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Serial Rapist Cop Arrested for Raping, Kidnapping 5 Women — On Duty

Published: July 26, 2016
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Source: Claire Bernish

 

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A former Northern California police officer has been arrested and jailed for using his position of authority to rape five women while on duty.

Thirty-one-year-old Noah W. Winchester — who previously served as an officer with the Sacramento Police Department, the Los Rios Community College District police force, where he patrolled American River College, and, most recently, the San Mateo Police Department — faces 22 felony charges including rape, criminal threats, kidnapping, and other offenses related to the sexual assaults of the five women. Those charges concern Winchester’s employment with Los Rios and San Mateo.

Charges brought by the San Mateo District Attorney’s office allege Winchester perpetrated his crimes by threatening to arrest the women for various fictitious wrongdoings if they refused to have sex with him.

“Some of them, he would pull them over, talk to them about whatever he was stopping them for, and then make a decision that this was a victim,” San Mateo District Attorney Jim Wagstaffe said, according to local CBS SF. Winchester would then transport his intended victims to a secluded park or motel.

Wagstaffe added, the victims “did what we teach people to do, which is to follow the directions of a law enforcement officer. Not knowing they were about to be victimized by someone who was putting a dark stain on that badge.”

Winchester had been employed with the San Mateo department for around nine months as a “lateral police officer” before the allegations of these “repugnant” crimes came to light in October, was immediately placed on leave, and subsequently resigned in February amid a thorough investigation.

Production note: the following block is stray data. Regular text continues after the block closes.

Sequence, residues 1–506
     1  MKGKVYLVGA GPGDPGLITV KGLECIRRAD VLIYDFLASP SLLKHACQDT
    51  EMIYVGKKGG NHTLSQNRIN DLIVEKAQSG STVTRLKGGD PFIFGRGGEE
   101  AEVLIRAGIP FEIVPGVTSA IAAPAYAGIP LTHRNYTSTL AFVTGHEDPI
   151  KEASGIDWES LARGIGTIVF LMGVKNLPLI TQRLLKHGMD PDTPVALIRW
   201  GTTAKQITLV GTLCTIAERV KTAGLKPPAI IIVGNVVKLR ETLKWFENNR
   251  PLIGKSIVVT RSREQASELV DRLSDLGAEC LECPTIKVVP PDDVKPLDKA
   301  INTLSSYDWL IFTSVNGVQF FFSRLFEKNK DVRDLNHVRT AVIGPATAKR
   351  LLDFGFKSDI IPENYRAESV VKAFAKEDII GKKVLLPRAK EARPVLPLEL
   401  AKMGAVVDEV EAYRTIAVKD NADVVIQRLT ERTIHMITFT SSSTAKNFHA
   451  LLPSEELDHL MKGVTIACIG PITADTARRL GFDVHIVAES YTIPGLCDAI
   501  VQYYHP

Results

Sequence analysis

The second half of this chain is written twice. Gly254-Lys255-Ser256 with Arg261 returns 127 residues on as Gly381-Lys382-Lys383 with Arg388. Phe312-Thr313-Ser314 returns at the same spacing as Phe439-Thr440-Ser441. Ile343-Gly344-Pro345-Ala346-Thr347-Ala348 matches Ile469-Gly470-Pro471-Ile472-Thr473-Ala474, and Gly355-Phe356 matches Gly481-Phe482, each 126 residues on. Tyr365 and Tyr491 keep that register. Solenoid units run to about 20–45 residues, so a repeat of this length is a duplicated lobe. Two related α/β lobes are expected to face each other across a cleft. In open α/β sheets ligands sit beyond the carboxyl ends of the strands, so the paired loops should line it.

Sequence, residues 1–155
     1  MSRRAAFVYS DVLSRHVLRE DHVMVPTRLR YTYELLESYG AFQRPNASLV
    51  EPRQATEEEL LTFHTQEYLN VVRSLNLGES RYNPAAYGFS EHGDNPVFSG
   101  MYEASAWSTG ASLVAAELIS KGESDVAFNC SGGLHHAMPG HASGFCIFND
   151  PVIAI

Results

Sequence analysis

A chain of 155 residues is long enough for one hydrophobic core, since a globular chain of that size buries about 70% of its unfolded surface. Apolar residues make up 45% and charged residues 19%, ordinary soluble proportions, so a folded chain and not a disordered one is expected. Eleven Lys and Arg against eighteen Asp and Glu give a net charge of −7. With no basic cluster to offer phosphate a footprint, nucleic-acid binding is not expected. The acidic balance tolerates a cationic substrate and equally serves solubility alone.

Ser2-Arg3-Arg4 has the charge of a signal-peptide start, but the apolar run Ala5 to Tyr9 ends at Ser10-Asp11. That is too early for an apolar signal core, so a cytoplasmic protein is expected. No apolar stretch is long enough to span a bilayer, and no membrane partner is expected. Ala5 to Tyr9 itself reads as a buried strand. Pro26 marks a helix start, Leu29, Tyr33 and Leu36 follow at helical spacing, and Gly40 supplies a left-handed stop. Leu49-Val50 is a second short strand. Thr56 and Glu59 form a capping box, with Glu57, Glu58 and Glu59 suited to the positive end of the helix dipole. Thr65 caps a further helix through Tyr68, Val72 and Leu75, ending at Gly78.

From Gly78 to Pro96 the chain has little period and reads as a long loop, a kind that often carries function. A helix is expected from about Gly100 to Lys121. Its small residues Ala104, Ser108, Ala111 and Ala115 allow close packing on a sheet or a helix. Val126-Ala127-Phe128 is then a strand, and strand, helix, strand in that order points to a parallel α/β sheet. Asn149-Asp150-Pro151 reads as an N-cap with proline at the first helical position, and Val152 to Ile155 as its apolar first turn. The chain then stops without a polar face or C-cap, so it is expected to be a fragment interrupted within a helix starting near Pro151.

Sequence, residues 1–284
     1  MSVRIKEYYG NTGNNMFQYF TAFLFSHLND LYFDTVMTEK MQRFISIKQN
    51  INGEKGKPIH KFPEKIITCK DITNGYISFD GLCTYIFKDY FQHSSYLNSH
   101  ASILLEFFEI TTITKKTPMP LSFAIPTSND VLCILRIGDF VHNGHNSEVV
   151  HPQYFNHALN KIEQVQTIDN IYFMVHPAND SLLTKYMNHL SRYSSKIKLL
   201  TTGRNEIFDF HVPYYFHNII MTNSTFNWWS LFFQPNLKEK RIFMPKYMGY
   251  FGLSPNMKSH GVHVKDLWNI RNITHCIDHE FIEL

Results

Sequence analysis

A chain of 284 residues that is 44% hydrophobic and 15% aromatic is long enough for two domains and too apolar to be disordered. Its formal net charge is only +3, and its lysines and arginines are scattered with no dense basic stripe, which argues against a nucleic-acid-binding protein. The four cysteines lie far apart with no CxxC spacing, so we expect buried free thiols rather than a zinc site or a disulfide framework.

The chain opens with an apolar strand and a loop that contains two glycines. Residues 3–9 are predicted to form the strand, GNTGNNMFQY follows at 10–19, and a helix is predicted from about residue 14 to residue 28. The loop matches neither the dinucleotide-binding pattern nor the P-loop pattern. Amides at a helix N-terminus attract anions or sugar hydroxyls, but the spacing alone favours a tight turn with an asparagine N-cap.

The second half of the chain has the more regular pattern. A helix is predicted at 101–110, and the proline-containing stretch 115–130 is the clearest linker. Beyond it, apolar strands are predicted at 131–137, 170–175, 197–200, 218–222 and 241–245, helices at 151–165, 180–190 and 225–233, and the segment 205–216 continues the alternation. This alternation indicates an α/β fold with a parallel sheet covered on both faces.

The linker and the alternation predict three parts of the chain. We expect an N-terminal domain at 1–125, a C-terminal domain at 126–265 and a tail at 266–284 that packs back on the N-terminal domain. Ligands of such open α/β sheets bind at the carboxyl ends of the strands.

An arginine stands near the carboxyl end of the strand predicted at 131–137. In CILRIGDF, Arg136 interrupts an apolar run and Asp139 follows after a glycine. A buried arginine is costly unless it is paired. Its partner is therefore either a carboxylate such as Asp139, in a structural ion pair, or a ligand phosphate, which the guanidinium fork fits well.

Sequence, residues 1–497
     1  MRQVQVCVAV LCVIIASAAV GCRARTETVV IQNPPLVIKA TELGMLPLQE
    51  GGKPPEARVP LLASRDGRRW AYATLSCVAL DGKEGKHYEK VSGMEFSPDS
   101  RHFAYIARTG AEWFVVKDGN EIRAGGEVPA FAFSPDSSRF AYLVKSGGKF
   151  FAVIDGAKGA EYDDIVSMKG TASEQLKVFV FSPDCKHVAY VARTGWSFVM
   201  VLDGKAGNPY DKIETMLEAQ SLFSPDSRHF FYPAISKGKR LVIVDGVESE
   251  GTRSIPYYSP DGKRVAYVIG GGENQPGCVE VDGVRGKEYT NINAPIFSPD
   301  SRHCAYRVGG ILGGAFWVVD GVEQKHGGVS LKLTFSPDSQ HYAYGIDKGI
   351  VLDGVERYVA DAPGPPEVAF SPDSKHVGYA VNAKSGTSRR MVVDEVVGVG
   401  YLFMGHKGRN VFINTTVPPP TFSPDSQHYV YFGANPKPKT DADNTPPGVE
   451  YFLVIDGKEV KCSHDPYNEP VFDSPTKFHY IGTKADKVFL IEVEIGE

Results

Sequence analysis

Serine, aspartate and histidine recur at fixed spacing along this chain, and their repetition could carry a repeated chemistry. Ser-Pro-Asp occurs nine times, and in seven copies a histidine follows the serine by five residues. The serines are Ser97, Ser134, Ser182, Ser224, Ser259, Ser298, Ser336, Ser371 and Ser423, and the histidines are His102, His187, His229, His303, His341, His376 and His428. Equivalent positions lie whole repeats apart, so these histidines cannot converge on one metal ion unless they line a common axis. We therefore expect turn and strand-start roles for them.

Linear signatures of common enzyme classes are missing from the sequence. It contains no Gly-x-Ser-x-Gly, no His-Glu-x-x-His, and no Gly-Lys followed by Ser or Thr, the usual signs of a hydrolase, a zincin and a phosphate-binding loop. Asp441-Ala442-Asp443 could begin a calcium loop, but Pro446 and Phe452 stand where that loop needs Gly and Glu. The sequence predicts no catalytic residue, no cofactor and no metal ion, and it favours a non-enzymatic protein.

In an earlier statement cited by the Daily Journal, prior to Winchester’s arrest, San Mateo Police Chief Susan Manheimer said the department “recognizes the seriousness, and is absolutely horrified at the nature of these criminal allegations. We want to reassure the public that this alleged conduct in no way reflects the core values of this department, its members or the police profession. We repudiate any and all misconduct while protecting and serving our public.”

On Thursday, the San Mateo Police released an additional statement acknowledging Winchester should be considered innocent unless proven guilty, but should charges be proven true, they are a “disgrace.” As the statement cited by CBS SFexplained:

“We are horrified by news of the recent arrest of this former San Mateo and Los Rios Community College District Police Officer, and want to assure our community and our leaders that this neither reflects nor deflects the dedication to duty and selfless service that our men and women commit themselves to every day on every contact.”

An investigation by Sacramento police, opened in 2013, is still underway, though Sgt. Bryce Heinlen refused to comment further.

In an example of what Photography Is Not A Crime’s Carlos Miller aptly called the “Police PR Spin Machine,” journalist Adnan Ramic, who took a ride-along with Winchester in 2014, concluded of his experience for Los Rios College paper, The American Current:

“The entire experience of my ride along was very insightful to understanding the daily life of an officer on campus. It wasn’t hard to see that Winchester is a man who takes pride in his work, and genuinely cares for the people who come onto his campus.”

Ramic’s description shows the ease with which the American public can become hypnotized with the aura of authority traditionally given police — so powerful, it frequently shields officers from scrutiny they deserve as public servants, even in cases of violent misconduct, such as the rape allegations in this case. With the epidemic of police brutality and parallel near-impunity from punishment in the national spotlight again, however, people increasingly refuse to offer blanket excuses for misbehavior simply because officers have a position of State authority.

“People sometimes feel that if you’re a police officer you get protected,” Wagstaffe noted. “We always say it doesn’t matter if you’re a prince or a pauper. Well, for us, it doesn’t matter if you’re a prince, a pauper, or a police officer. You commit a crime, you’re going to be held accountable.”

Nevertheless, Winchester’s police union is considering assisting with funding his defense, including star attorney Michael Raines, who once represented athlete Barry Bonds over doping allegations. Raines downplayed the gravity of the rape charges against his client, saying there are:

“Countless times where one witness makes an allegation, others hear about it. And then all of a sudden we have a flurry of allegations, some of which turn out to be true in some cases. Many times, they turn out to be false.”

Winchester remains in custody on $3,100,000 bail. If convicted, the former officer and alleged serial rapist could spend the rest of his life behind bars.

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